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    M1 Edexcel
    I always make a section with some very key points about the exam. Here are my key points. If you have yours, please post here.

    pdf: http://www.mediafire.com/download/0j.../Key+Notes.pdf
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    These are nice, good job

    The force on a pulley on an inclined slope can also be summarised by the equationName:  CodeCogsEqn.gif
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    The force on the pulley on a horizontal place can be summarised by Attachment 545079545083
    Attached Images
     
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    When the particle on the inclined plane is connected to a string on a pulley and the string breaks but doesn't reach the pulley, and when the question asked is to find the extra little bit of time it takes to come to instantaneous rest

    you use suvat to calculate final velocity with acceleration normally, then recalculate acceleration when string breaks, then use the final velocity from your previous answer as your initial velocity and use v=0 and the find the time
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    (Original post by Big white)
    When the particle on the inclined plane is connected to a string on a pulley and the string breaks but doesn't reach the pulley, and when the question asked is to find the extra little bit of time it takes to come to instantaneous rest

    you use suvat to calculate final velocity with acceleration normally, then recalculate acceleration when string breaks, then use the final velocity from your previous answer as your initial velocity and use v=0 and the find the time
    wow, I just did this question, that's weird that you posted at the same time lol. From 2011 june paper right?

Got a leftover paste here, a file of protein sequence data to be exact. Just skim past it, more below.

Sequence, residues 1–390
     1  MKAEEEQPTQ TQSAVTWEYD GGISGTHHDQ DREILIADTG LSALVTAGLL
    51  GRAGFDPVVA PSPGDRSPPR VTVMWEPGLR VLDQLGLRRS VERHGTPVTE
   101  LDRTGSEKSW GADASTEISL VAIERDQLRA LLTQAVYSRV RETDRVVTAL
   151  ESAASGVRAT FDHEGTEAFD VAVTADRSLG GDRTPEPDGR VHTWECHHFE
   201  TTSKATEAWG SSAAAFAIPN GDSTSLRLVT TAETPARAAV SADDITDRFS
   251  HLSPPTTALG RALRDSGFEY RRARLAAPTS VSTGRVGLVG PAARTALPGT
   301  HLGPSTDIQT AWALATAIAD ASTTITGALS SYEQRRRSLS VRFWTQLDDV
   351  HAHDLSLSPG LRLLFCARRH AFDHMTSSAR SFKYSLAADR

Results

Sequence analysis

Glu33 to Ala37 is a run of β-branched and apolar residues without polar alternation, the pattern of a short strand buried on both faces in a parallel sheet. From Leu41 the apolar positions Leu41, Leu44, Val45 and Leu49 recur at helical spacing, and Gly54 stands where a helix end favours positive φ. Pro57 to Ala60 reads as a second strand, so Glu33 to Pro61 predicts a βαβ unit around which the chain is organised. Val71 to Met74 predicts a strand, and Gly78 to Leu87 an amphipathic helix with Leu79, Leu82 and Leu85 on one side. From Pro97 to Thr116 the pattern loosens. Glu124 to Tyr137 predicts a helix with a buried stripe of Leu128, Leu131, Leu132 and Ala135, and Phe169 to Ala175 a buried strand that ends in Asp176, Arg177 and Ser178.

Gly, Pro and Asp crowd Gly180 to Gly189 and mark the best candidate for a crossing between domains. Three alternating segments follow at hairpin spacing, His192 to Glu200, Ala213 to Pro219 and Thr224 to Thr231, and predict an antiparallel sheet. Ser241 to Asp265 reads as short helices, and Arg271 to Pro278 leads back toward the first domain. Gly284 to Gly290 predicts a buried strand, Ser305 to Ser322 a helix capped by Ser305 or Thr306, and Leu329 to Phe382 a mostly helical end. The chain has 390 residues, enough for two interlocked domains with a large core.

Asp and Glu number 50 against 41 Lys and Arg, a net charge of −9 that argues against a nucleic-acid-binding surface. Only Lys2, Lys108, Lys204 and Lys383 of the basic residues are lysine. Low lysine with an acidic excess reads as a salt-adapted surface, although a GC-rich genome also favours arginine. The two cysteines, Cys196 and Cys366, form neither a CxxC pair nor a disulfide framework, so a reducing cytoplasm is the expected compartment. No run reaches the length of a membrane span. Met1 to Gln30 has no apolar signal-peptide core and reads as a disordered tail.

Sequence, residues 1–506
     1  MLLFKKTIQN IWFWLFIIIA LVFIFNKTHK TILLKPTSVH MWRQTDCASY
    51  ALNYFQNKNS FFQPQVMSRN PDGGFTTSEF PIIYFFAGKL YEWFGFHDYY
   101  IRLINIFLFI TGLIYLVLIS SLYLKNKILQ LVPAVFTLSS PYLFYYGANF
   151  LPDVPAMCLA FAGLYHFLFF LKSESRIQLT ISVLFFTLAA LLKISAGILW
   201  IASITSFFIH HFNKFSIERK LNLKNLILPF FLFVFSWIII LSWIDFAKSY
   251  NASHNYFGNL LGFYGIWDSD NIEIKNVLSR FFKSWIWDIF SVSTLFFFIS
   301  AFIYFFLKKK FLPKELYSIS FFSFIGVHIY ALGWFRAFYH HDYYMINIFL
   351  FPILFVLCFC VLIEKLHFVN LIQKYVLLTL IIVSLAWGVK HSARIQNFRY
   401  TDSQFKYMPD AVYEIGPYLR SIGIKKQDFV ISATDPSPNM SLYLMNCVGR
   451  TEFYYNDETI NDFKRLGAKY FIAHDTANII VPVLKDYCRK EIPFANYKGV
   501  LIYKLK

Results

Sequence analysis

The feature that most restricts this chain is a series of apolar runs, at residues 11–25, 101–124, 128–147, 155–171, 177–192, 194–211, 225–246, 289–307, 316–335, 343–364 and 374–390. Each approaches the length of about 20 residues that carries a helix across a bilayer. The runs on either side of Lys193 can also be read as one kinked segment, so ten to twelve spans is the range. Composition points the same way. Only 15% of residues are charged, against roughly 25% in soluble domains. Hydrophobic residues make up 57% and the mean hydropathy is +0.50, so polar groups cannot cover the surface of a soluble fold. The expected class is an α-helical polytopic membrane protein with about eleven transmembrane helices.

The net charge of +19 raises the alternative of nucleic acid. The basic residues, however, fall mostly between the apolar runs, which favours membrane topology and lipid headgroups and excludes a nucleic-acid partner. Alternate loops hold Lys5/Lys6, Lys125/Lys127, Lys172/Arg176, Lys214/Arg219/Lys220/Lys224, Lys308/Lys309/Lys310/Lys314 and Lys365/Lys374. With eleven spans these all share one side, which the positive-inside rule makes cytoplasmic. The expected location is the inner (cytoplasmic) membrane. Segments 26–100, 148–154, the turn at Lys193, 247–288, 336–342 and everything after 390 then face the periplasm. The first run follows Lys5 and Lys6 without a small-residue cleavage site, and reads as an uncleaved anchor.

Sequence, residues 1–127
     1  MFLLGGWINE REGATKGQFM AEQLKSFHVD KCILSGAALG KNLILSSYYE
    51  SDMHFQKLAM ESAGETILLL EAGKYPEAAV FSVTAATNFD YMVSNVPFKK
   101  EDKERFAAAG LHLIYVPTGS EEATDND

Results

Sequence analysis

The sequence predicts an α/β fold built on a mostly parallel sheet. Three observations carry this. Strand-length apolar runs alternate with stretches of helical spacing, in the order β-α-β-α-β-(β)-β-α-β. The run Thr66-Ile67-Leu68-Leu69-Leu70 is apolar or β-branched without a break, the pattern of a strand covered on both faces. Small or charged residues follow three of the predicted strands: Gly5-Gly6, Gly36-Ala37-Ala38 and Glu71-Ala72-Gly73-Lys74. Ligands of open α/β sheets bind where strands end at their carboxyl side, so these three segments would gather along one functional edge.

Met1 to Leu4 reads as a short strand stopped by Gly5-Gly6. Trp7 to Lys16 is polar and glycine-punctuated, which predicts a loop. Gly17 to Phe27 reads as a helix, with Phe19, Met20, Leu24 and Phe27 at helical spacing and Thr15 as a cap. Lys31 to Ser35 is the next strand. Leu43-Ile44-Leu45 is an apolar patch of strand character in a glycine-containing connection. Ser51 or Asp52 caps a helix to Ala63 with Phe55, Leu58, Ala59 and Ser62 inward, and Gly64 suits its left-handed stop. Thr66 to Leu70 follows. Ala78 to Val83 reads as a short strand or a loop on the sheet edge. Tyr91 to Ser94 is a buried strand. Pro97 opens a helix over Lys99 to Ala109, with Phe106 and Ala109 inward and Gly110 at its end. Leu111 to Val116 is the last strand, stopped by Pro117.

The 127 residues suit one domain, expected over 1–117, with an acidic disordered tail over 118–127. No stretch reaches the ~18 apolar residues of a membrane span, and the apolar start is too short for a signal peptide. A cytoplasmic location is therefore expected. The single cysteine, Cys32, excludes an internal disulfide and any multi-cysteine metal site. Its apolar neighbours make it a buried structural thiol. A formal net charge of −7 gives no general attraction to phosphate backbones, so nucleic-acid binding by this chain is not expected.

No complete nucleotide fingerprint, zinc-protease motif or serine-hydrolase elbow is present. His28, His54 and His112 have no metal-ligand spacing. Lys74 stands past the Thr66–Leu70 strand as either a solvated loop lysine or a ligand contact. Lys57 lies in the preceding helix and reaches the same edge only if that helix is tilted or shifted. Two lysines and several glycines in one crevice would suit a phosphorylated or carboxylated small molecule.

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    (Original post by Reda2)
    wow, I just did this question, that's weird that you posted at the same time lol. From 2011 june paper right?
    really? oh that's good timing ^-^ most people don't really know how to do those bits at the end though
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    Have a go at the January 2009 paper, it has the lowest grade boundaries out of all M1 papers. (49 for an A).
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    (Original post by NickLCFC)
    Have a go at the January 2009 paper, it has the lowest grade boundaries out of all M1 papers. (49 for an A).
    Nice, good point.
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    Those are a great set of ke( notes ...



    But would someone mind just stating what we need to know for vectors.... or was it all in there ?

    I have taught M1 myself along the rest of AS further, so I just wanted to be less nervous about that topic.


    Cheers !
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    (Original post by Billsonbubbles)
    Those are a great set of ke( notes ...



    But would someone mind just stating what we need to know for vectors.... or was it all in there ?

    I have taught M1 myself along the rest of AS further, so I just wanted to be less nervous about that topic.


    Cheers !
    not included in these notes is that when Vector "R" is parallel to say (i+2j) then

    R= m(i+2j)

    where M is any constant

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    (Original post by KloppOClock)
    not included in these notes is that when Vector "R" is parallel to say (i+2j) then

    R= m(i+2j)